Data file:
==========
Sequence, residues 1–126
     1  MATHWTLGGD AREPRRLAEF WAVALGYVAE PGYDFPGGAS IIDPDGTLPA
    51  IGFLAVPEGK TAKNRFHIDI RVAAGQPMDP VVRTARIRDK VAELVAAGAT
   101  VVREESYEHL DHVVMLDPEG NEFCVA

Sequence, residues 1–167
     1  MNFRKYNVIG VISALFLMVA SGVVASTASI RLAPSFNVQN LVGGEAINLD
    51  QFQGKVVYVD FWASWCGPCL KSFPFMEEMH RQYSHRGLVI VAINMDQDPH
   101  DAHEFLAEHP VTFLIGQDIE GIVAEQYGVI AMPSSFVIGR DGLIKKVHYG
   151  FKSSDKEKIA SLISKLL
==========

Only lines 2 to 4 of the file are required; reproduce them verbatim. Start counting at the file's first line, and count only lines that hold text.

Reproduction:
     1  MATHWTLGGD AREPRRLAEF WAVALGYVAE PGYDFPGGAS IIDPDGTLPA
    51  IGFLAVPEGK TAKNRFHIDI RVAAGQPMDP VVRTARIRDK VAELVAAGAT
   101  VVREESYEHL DHVVMLDPEG NEFCVA